The View from the Missouri Frontier

William Tecumseh Sherman

William Tecumseh Sherman

People in western Missouri wanted Kansas for themselves. To some of them, that meant also wanting it for slavery. To others, having it meant that slavery would come and they could live with that. To a third set, it meant keeping out interloping Yankees. But to all of these it meant taking what rightly belonged to them.

The Missouri river separates only a small part of Kansas from Missouri. The rest comes down, then and now, to a surveyor’s line. By 1854, the edge of the world might run down that surveyor’s line. But that line formed no flaming chasm or iron curtain to stop those living on the frontier from stepping across. If the law prohibited you from doing much across that surveyor’s line in the Indian Country, its officers rarely made the restriction stick. You could get rich with a plantation. You could get rich selling supplies to the emigrant trains moving on to California or Oregon. Both of those options kept you inside the law, more or less. But you could also get rich by laying down markers across the line so you would have fist claim to any new land opened for settlement.

An obscure, if well-connected, military man who missed out on the fighting in Mexico, William Tecumseh Sherman, passed through the area

in the spring of 1852 I had occasion to visit Fort Leavenworth on duty, partly to inspect a lot of cattle which a Mr. Gordon, of Cass County, had contracted to deliver in New Mexico, to enable Colonel Sumner to attempt his scheme of making the soldiers in New Mexico self-supporting

[…]

I found Fort Leavenworth then, as now, a most beautiful spot, but in the midst of a wild Indian country. There were no whites settled in what is now the State of Kansas. Weston, in Missouri, was the great town, and speculation in town-lots there and thereabout burnt the fingers of some of the army-officers, who wanted to plant their scanty dollars in fruitful soil.

I don’t know what edition of Sherman’s memoirs Allen Nevins worked from, but mine had this on page 117 to his 89. As a result I read a bit more than I planned, including Sherman’s similar account of land speculation in California. He even surveyed some land for a claimed “New York on the Pacific” that never panned out. Americans on the frontier just did that. Get in early, stake a claim, buy it cheap and wild, then resell it to the next wave of white settlers. Sherman himself did some of it and reported his profits in his memoirs.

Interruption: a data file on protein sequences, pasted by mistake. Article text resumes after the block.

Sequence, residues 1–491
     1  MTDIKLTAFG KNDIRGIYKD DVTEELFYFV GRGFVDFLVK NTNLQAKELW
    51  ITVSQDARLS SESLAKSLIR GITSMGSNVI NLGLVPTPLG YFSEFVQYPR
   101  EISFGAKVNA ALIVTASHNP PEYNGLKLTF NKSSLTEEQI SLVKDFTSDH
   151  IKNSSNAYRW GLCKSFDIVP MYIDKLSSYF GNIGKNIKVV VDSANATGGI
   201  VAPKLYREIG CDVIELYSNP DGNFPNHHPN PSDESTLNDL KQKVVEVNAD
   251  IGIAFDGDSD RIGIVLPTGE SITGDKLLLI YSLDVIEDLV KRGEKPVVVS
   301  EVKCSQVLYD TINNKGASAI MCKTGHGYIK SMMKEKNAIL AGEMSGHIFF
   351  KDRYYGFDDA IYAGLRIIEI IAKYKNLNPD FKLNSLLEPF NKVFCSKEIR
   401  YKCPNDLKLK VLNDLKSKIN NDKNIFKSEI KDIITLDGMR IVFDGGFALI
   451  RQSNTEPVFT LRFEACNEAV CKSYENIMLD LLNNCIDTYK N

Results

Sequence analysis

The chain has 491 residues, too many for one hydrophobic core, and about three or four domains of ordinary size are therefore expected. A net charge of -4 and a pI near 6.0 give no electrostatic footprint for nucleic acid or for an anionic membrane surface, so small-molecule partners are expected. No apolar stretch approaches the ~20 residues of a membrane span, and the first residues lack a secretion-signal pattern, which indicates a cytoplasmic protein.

David Rice Atchison (D-MO)

David Rice Atchison (D-MO)

While Missourians could not legally settle in Kansas before the Kansas-Nebraska Act passed, they’d been there, by the hundreds before the bill became a law, and wasted no time scouting out and then staking out claims, law or no law. Less speculative, but no less land-hungry, many would have had an eye on expanding their existing holdings rather than reselling. Some would even have fit the standard image of a family leaving one state entirely to move to a new one for good. Likely which category each settled into depended as much on market forces as initial intentions.

Kansas might not have money just coming out of the ground like California did, but its ground was money. A bunch of rich Yankees with their Emigrant Aid Society planned to come buy it all up before an honest Missourian could get a chance at it? To give to a bunch of dirty Irish thugs and slave-stealing abolitionists? One did not need to have a large, personal investment in slaves or slavery to see a threat in that. The big chance had arrived, only for a big company to try taking it all out of their hands. Worse still, everybody knew that only so much of Kansas had any real value. The rest, part of the great American desert, could never support a farm and would never amount to much. Only the eastern third had any potential.

With so much at stake and so little of Kansas to go around, small wonder Atchison could find plenty of men prepared to sign on and do violence for his cause if it meant helping along their own. They had their American dreams at stake.